In what could be Governor D Subbarao's last monetary policy review, the Reserve Bank of India (RBI) on Tuesday maintained the status quo on repo rate and cash reserve ratio (CRR) - leaving those unchanged at 7.25 per cent and four per cent, respectively. However, its unexpectedly dovish tone led to the rupee's slide - to 60.49 a dollar - below the psychological 60-a-dollar level for the first time since July 9.
The central bank's liquidity-tightening measures had been able to halt the currency's depreciation over the past two weeks.
In the post-policy press meet, Subbarao, whose five-year term ends on September 5, acknowledged there was a strong case for policy easing, as growth had moderated more than expected, but added that an uncertain external sector was preventing such a step. After cutting the key policy rate 75 bps over three straight policy reviews, RBI had kept it unchanged in June.
On Tuesday, RBI kept its March-end inflation forecast unchanged at five per cent, while it lowered its estimate for 2013-14 economic growth to 5.5 per cent, from 5.7 per cent projected in May.
"As far as the broader monetary policy stance is concerned, there would have been reasonable arguments for further monetary easing, because growth has moderated more than we expected and inflation is not as uncomfortable as before... But there are external sector concerns," Subbarao said.
The governor assured policy rate could be eased when there was some stability in the exchange rate. But he warned about a host of risk factors, including external situation, which could impact capital flows; and pass-though of oil prices, besides steady global crude oil prices, which could push inflation.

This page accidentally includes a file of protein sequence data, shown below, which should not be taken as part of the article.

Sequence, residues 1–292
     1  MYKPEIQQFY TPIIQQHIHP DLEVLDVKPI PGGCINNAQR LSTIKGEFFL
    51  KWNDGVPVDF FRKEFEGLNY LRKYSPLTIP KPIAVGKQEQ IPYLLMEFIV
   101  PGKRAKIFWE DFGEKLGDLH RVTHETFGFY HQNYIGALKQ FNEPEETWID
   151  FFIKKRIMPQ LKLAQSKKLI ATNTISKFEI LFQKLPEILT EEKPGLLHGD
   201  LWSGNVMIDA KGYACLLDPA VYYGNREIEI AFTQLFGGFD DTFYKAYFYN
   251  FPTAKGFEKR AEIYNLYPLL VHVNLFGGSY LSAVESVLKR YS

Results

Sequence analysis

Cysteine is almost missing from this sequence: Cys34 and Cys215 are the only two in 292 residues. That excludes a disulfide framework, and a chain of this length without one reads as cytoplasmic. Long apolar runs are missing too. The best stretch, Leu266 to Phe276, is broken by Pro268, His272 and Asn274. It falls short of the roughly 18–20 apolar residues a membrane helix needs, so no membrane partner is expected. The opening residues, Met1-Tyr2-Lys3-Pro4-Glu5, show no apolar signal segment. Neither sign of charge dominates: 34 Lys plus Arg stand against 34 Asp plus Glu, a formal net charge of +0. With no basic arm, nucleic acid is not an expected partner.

"Its dovish statement was surprising, especially after recent measures to tighten the rupee liquidity and its strong focus on stabilising the currency," Standard Chartered Bank said in a note to its clients.
The rupee, which had been weak since morning, fell sharply towards the closing hours to end the day at 60.49 a dollar - 1.8 per cent lower than its previous close of 59.42. During the last hour of trade, it had touched a low of 60.58.
The rupee's weakness in the late hours was possibly because of the central bank's reservation over the proposed issuance of sovereign bonds on the ground that the cost associated with it might be higher than the benefit.
"A sovereign bond issue would compromise financial stability. So, in RBI's view, the cost of sovereign bond issue, at the current juncture, outweighs the benefits. We should be doing sovereign bond issue, if at all, from a position of strength, at a time when we are a lot less vulnerable," Subbarao said.
The rupee's fall also impacted the equity and bond markets. Bond yields, which fell below the eight per cent mark after the policy announcement, rose as the rupee weakened. The yield on the 10-year government bond 7.16 per cent 2023 ended at 8.25 per cent on Tuesday, compared with the previous close of 8.13 per cent.
Similarly, the equity market also closed weaker, as there was no clarity from RBI on when its liquidity-tightening measures would be rolled back to pave the way for monetary easing.
The BSE Sensex
shed 245 points on Tuesday to end the day at 19,348 - 1.3 per cent than its previous close. The NSE Nifty
closed 77 points, or 1.3 per cent, at 5,755.
"The rollback of the measures will be data dependent. It is linked to decline in volatility and disorderly movements in the exchange rate. We will also make an assessment of the global markets and see how vulnerable they remain to further announcement or some action," Subbarao said.
"The threat on the stability of the currency is what had led to the decline in equities," said Gopal Agrawal, chief investment officer at Mirae Asset Global Investments (India).
Corporate India drew comfort from the central bank's stance. "We draw heart from the RBI statement saying that had it not been for the volatility, the rates could have been reduced, since inflation had started to moderate. We see this as a softening of stance by RBI," said CII President S Gopalakrishnan.